• Patient brochures personalized with your customer’s logo, photo, bio and contact information $xxx for 1000
  • Direct mail postcards to promote a new procedure to a targeted demographic that is geo-located around the practice $x,xxx for 2,500
  • Practice website or specialized micro-site with pre-written, patient-facing content for a set-up fee of $x,xxx  + $xx/month for hosting

How do you build turn key tactics?

  1. Research and vet vendors that understand practice marketing and how to scale their pricing and customer service for individual health care providers.
  2. After supplying your tool kit, negotiate a preferred price for exclusive offerings and create a sales sheet detailing the turn key package.
  3. Launch the program and introduce the vendor to your sales personnel so they feel comfortable handing off customers that are interested in the turn key package.

It’s a good thing

Just imagine how effective the sales organization will be in getting customers to use the tool kit? They can walk into their accounts with activities that are truly turn key. It should be obvious that the less time your sales team spends on tactical logistics, the more time they have to meet their objectives (admit it, you’ve seen sales personnel get sucked into logistical details only to dump them on the marketing department for completion).

(c) 2010 eGold Solutions

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Marketing Tool Kits: Excellent Content July 28, 2010

Typical advertising mail
Image via Wikipedia

You’ve engaged with branding, advertising, public relations, web and communications firms and/or leveraged internal resources to create highly effective marketing assets. Now, lets get creative on how customers might use them to set up a win-win situation.

1. Assets—creative re-purposing of existing work

An enormous body of work has made the successful journey through legal and regulatory. Without a doubt, you have a treasure chest of assets to re-purpose into a marketing toolkit. Be creative when looking at each asset in its current form and deciding if elements can be combined into a new use.

In a first pass audit of materials include any item:

2. Tool Kit Organization:

A common approach is to organize the elements based on the user of the materials—physician, nurse, and hospital marketing staff. The challenge comes when you realize that most elements can be used by any of these customer groups. As with any marketing activity, the target audience (patient/consumer) should be the focus of the elements contained in the kit. Here’s a common list of channels that can be used to reach the patient and referring health care professional audiences:

  • advertising: print, broadcast, outdoor, on-line (banners, ad words)
  • direct mail: postcard, newsletter, and email copy
  • media relations: releases, backgrounders, b-roll
  • web content: pages, images, downloads, transcribed videos, clinical data
  • educational collateral: brochures, posters, videos, presentations
  • social media: Facebook, Twitter, LinkedIn

3. Delivery and Maintenance of the Tool Kit

Gone are the days of the clip art on printed pages and so should the material contained on disks. These pieces of paper or DVDs “cement” a marketing moment in time and are not easily modified. To be nimble and stay current, the delivery mechanism for your marketing toolkit needs to be electronic. Creating a website section for the media that includes files to download is a great first step. Now services like Google Docs, DropBox and Box.net allow downloads to be by invitation and tracked. As new material comes out of your development and approval process it can be uploaded upon release and not have to wait for the next disk burning.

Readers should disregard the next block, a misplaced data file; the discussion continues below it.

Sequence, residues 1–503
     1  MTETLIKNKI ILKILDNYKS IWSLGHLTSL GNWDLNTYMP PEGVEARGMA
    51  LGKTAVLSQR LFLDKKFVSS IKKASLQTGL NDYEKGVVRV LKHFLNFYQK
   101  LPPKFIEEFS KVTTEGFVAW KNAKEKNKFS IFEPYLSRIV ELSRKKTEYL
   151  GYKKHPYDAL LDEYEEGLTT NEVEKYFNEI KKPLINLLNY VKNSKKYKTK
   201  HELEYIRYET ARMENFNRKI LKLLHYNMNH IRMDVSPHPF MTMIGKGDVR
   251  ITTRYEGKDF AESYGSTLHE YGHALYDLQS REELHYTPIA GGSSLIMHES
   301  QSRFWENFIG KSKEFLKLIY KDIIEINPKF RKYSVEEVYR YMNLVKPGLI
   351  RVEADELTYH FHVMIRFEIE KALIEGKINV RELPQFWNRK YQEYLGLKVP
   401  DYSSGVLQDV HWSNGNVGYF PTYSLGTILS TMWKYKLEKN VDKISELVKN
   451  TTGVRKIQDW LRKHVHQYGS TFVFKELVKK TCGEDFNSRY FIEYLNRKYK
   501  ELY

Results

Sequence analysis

Next up:  Easy to complete tactics

(c) 2010 eGold Solutions

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Importance of keeping practice websites current June 30, 2010

All Female Vs. All Male Medical Practices

In Trisha Torrey‘s second post about Men and Modesty she is advising consumers about how to choose physician practices that are staffed entirely by a single gender. This tidbit jumped off the screen:

“That begs the question — just how can you find the all-the-same-gender practices? Ask. When you need an appointment, call the office and ask about staffing. (A note here — the doctor’s website won’t help because you can’t be sure how current it is.)

A list of your staff with photographs becomes a differentiator when attracting modest patients of either gender. This is an interesting aspect to consider when putting together a website. It is also a strong reason to have the capability to make changes yourself so you can keep the site current to accurately represent your practice.

(c) 2010 eGold Solutions

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Is Your Marketing Tool Kit Great? June 16, 2010

Judge a marketing toolkits greatness by the depth and breadth of customer use. Image from:http://www.roomu.net/home-decoration/basic-toolbox.html

In today’s competitive health care environment, life science companies with messages directed toward consumers and patients are expected to provide a marketing toolkit to all their customers. I’ve worked in corporate marketing with product marketing managers and agencies to create amazing tool kits. The sales organizations always embrace these tool kits as a key element of their consultative selling and relationship building with the physician customer. The major challenge is in getting the customers to use them.

A great marketing tool kit needs these three elements to be successfully utilized by the health care provider customer:

  1. Excellent Content
  2. Easy to Complete Tactics
  3. Exemplary Compliance

Over the next few posts I will discuss each element so you can decide if your tool kit is great. But first we should define what a marketing tool kit is:

A collection of materials that can be customized for use by the  health care provider to promote the availability a specific treatment option in their practice.

Next up: How to assemble excellent content.

(C) 2010 eGold Solutions